Solid spindles are used only for shaper cutters. Cutters, spacers, rub collars and/or ball bearings are dropped onto the spindle shaft from above and then secured with a large, provided nut. The capacity of a shaper spindle is expressed in available space “under the nut.” The greater the capacity, the more cutters and spacers can be accommodated. Another important figure to look at when shopping for a shaper is the amount of “spindle travel.” This figure relates to how high or low the spindle can be with relationship to the table top. This relates to the maximum thickness of work piece that can be shaped with a profile. Multiple cutters can be put together to create different profiles.
Generally speaking, the largest shaper cutters work better at lower RPMs. Most shapers will offer you two different speeds. The more expensive shapers may offer you as many as five. Changing speeds is done by moving the drive belt into another pulley position as on a drill press. And, like the drill press, belt tension must be slackened before this can be done. On most shapers, this is accomplished by simply moving a lever that releases the belt tension, then, moving the belt into another pulley position and finally, by moving the lever back to its original “tight” position.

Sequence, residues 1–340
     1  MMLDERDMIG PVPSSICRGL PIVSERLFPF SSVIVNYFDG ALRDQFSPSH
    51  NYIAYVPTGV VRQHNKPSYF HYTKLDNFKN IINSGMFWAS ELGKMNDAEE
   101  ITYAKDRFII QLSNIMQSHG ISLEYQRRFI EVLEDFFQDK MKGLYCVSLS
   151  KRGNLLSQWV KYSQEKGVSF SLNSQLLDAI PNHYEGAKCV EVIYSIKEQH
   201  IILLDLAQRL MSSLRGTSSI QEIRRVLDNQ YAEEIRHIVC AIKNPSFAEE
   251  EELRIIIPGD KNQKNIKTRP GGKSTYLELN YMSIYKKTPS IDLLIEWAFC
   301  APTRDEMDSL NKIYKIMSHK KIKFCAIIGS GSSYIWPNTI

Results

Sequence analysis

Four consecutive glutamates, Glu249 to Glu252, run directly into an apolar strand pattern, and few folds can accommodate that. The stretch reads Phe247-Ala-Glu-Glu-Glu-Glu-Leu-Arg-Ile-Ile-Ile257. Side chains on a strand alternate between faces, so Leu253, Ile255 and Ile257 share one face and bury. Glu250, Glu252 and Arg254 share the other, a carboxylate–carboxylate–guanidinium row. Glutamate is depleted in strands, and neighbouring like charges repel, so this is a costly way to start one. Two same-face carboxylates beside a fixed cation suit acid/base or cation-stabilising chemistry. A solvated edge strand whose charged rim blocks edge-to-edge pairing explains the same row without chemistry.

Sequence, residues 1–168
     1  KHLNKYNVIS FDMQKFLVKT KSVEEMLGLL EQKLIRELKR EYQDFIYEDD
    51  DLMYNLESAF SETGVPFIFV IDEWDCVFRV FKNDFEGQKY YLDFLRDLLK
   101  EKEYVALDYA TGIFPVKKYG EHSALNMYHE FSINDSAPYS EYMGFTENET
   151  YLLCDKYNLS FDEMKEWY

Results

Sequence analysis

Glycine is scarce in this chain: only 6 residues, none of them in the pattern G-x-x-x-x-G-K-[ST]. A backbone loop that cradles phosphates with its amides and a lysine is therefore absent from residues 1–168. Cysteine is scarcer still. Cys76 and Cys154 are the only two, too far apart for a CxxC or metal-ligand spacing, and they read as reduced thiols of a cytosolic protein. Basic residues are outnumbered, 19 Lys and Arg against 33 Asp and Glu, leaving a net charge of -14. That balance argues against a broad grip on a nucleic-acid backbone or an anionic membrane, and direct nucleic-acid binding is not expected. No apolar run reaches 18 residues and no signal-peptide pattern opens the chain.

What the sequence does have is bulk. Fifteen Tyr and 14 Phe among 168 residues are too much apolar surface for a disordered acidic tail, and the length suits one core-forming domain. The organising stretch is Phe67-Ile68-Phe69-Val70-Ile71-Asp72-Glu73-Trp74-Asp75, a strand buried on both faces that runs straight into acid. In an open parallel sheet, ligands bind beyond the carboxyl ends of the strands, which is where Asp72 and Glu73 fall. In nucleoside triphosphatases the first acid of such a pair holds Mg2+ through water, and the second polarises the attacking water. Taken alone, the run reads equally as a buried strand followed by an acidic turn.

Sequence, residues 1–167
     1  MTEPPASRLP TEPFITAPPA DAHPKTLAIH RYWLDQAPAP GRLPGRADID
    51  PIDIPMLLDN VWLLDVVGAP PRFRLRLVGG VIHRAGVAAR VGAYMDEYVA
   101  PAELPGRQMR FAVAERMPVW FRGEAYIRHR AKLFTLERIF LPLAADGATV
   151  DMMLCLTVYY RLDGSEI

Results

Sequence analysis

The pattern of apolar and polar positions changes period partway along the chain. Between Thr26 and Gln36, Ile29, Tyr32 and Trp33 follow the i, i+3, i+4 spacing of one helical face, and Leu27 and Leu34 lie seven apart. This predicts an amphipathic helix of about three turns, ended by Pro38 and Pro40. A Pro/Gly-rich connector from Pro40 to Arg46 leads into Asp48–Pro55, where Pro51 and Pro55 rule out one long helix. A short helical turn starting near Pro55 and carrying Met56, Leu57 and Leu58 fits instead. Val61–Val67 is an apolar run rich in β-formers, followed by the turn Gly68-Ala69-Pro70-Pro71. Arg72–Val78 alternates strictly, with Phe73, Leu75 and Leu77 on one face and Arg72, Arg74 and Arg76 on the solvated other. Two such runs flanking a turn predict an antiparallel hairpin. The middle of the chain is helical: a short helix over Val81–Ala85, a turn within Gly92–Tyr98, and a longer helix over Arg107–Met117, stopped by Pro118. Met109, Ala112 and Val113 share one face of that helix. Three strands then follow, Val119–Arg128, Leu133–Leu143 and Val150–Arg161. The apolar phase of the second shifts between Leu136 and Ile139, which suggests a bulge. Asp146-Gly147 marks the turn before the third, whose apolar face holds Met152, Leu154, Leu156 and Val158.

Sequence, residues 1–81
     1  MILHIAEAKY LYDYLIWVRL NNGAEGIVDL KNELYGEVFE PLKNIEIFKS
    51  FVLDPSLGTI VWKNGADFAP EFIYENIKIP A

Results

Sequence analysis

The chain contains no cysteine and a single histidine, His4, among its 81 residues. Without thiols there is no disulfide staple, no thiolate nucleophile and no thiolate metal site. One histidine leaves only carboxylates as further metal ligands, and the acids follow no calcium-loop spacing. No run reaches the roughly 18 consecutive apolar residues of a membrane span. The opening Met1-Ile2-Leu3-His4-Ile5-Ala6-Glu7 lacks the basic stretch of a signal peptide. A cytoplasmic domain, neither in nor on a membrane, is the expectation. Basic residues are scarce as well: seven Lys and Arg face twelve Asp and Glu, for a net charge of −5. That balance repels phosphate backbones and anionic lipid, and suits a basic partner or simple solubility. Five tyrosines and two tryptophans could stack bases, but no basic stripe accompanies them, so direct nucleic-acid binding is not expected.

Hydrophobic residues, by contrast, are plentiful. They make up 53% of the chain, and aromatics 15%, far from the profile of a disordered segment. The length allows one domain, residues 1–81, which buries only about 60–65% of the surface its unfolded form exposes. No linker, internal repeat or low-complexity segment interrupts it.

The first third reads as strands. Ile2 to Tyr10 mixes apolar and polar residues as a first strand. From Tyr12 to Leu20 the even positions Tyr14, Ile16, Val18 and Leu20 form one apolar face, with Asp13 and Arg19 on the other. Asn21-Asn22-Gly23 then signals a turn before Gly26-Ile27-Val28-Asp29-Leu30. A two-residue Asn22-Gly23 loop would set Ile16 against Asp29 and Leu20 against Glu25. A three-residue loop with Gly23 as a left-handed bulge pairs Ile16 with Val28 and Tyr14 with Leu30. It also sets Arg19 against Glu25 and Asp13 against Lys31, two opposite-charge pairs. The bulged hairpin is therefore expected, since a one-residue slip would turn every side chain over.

Most shapers come with grooves for a miter gauge in both the table and the fence. This is to allow small pieces to be shaped safely and effectively. Another piece of equipment relating to safety is the “starter pin”. This is a metal pin, threaded on one end that screws into a threaded hole in the table near the location of the cutter. It gives you a place to rest the work piece against when beginning a freehand cut.
In a router table, there are two types of router bits you may use: (1) with or (2) without a ball bearing guide. If there is no ball bearing guide on the router bit, you MUST use the router table fence. Same with the shaper. The shaper may use a “rub collar” or a ball bearing on the spindle shaft to prevent the work piece from being drawn into the cutter deeper than the profile. If you are using a cutter without a rub collar or ball bearing, then you will need to use the fence that is installed on the table. The infeed portion of the fence is set further away from the operator than the outfeed fence. This difference determines the depth of cut. Most shapers allow you to “micro-adjust” the fence settings for perfect results.